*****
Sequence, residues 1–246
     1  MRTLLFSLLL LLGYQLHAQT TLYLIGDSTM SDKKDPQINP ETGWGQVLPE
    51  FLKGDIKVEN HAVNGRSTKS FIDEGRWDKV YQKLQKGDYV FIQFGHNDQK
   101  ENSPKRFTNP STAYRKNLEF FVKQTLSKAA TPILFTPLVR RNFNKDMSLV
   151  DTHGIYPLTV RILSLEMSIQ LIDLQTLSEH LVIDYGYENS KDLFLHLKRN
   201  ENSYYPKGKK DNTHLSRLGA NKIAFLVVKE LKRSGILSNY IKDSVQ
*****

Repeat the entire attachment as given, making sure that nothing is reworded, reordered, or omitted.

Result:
Sequence, residues 1–246
     1  MRTLLFSLLL LLGYQLHAQT TLYLIGDSTM SDKKDPQINP ETGWGQVLPE
    51  FLKGDIKVEN HAVNGRSTKS FIDEGRWDKV YQKLQKGDYV FIQFGHNDQK
   101  ENSPKRFTNP STAYRKNLEF FVKQTLSKAA TPILFTPLVR RNFNKDMSLV
   151  DTHGIYPLTV RILSLEMSIQ LIDLQTLSEH LVIDYGYENS KDLFLHLKRN
   201  ENSYYPKGKK DNTHLSRLGA NKIAFLVVKE LKRSGILSNY IKDSVQ